Improving Fleet Safety and Driver Behavior with Commercial Insurance Telematics

Improving Safe Driving Behavior for Commercial Drivers Without Sacrificing Efficiency

Many of the factors associated with rising claims and loss frequency are rooted in poor driver behavior. Statistics from studies conducted on in-vehicle monitoring with telematics show a clear relationship between monitoring and driver behavior.

“The commercial auto industry has taken a big hit lately—it lost more than $700 million last year on claims involving trucks and other commercial vehicles. Those losses are translating into higher premiums for businesses.¹”

Driver behavior improves when each driver realizes monitoring is in place and subsequent coaching is provided. In much the same way that a video camera positioned over a traffic light can lessen the frequency at which a driver runs a red light, a driver in a monitored vehicle is more likely to obey speed limits, brake judiciously, reduce idling time, and use caution in lane changes or choice of stopover locations.

Insurance organizations that are positioning telematics solutions to fleet operators can cite studies linked to safer vehicle operation. A study conducted by the U.S. Department of Transportation² monitored truck driver performance using a telematics system that included feedback and coaching to drivers.

The findings demonstrated a reduction in unsafe events and incidents of speeding, and, as a side benefit, an improvement in fuel economy between 5 and 9 percent.

Points from the study indicated the following:

  • Unsafe events defined as sudden acceleration, hard braking, and sudden lane changes decreased by almost 50 percent across both day cab and sleeper cab groups.
  • Distance driven at speeds more than 65 miles per hour decreased by more than 33 percent for day cabs and 42 percent for sleeper cab groups.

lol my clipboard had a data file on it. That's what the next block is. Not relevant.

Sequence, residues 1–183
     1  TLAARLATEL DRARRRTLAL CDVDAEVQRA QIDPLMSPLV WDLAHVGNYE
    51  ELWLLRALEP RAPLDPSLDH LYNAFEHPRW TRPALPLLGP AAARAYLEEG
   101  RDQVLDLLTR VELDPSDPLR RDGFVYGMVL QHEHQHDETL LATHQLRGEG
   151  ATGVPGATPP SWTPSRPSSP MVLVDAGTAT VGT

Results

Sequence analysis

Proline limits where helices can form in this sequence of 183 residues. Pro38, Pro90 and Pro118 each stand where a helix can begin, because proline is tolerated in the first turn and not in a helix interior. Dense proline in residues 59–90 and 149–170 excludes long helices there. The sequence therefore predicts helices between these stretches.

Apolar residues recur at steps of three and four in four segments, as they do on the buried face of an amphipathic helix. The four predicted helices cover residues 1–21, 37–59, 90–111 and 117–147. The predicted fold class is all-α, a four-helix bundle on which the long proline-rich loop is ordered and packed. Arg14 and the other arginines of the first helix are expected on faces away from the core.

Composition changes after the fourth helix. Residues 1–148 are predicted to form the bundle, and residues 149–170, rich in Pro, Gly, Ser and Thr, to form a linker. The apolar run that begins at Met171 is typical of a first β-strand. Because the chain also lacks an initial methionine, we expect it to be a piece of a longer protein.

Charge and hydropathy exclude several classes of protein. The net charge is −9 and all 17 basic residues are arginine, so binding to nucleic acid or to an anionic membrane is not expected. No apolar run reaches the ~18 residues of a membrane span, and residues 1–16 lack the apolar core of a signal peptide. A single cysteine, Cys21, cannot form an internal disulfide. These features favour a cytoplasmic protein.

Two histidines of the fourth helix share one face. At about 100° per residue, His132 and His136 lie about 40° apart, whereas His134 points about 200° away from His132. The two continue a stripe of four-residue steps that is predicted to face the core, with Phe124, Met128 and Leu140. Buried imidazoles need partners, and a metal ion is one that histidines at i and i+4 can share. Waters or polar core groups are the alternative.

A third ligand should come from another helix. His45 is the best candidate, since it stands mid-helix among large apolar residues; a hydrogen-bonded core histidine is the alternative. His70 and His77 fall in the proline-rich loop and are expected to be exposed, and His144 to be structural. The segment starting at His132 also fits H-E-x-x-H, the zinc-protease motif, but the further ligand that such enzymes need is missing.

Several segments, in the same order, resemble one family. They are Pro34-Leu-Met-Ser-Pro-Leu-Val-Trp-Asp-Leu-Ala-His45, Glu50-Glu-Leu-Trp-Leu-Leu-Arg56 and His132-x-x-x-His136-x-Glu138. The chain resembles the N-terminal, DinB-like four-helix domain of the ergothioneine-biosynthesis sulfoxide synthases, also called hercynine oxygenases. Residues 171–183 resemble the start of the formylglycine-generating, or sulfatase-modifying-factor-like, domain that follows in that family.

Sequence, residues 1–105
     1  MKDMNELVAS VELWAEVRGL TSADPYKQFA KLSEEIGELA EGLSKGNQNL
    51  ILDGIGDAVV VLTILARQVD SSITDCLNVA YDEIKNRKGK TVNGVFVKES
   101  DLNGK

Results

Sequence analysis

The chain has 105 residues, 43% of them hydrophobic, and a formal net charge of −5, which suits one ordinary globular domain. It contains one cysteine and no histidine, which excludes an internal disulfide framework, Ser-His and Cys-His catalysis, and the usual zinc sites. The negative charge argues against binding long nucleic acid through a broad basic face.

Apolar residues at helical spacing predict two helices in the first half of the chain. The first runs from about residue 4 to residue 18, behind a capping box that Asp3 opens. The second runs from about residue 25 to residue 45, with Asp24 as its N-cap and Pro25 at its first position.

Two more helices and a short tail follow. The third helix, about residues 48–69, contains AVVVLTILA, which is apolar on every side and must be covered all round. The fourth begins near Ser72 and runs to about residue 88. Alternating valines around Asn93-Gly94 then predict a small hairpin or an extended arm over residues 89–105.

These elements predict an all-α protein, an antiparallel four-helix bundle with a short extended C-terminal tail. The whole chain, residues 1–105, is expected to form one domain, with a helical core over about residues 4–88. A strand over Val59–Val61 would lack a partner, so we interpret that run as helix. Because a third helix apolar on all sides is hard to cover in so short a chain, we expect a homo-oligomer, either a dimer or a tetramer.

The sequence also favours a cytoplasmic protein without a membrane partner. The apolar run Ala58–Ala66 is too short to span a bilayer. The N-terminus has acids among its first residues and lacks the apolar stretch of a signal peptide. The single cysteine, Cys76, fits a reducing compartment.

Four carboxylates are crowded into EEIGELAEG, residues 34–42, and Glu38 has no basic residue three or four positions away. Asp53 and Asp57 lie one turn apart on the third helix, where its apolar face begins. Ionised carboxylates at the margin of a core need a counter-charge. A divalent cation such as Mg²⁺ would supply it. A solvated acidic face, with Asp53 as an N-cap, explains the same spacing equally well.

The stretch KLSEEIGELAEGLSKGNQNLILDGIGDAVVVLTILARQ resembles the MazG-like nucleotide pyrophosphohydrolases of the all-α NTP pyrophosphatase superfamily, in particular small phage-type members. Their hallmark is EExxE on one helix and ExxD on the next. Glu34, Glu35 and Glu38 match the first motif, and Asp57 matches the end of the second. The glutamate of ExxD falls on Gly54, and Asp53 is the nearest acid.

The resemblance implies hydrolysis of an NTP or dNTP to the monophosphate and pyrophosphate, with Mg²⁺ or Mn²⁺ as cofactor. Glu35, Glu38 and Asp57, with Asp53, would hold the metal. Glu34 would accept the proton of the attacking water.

• Distances driven at more than 1,500 revolutions per minute increased 27 percent for day cab groups and decreased 48 percent for sleeper cab groups.

As reported by Commercial Fleet, the car parts firm Andrew Page cut accidents and reduced speeding by 97 percent after deploying a telematics system in the company vehicles. An earlier trial program showed a 47 percent reduction in harsh events. The company states that driver behavior scores have improved significantly across the fleet (with 98 percent of drivers in the green, indicating good driving behavior).³

Earlier studies and studies conducted in different regions confirmed the correlation between telematics and improved driving safety. The landmark SAMOVAR DRIVE project, one of the most widely cited studies of telematics devices in the world, sponsored by the European Union, demonstrated a 28 percent reduction in crashes with telematics monitoring in place.⁴ A series of U.S.-based studies conducted in later years demonstrated that installing telematics systems into vehicle fleets has been shown to cut accident occurrences by 20 – 30 percent.⁵

Recent advances in telematics, driver scoring, and in-vehicle technologies are quickly transforming commercial lines insurance. New tools and technologies make it possible to acquire richer and more precise data from diverse sources that can be used to construct comprehensive driver profiles and scores, generate direct feedback to drivers to encourage safe vehicle operation, and leverage insights derived from analytics by drawing on input from a broad collection of data stores.


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¹ Milne-Tyte, Ashley. “Traffic climbed after the recession. So did accidents and truckers’ premiums.” Marketplace. ’17. https://www.marketplace. org/2017/07/06/economy/truck-drivers-face-higher-insurance-premiums-reason-more-traffic-roads-post

² “Study of the Impact of a Telematics System on Safe and Fuel-efficient Driving in Trucks.” U.S. Department of Transportation, Federal Motor Carrier Safety Administration. ’14.

³ “Instances of speeding drop dramatically at Andrew Page after telematics installed.” Commercial Fleet. ’15. latest-news/2015/11/19/instances-of-speeding-drop-dramatically-at-andrew-page-after-telematics-installed

⁴ Craig, Steven C. “Vehicle Telematics: Risk Management at Every Turn.” RISK Management. ’10.

⁵ Ibid.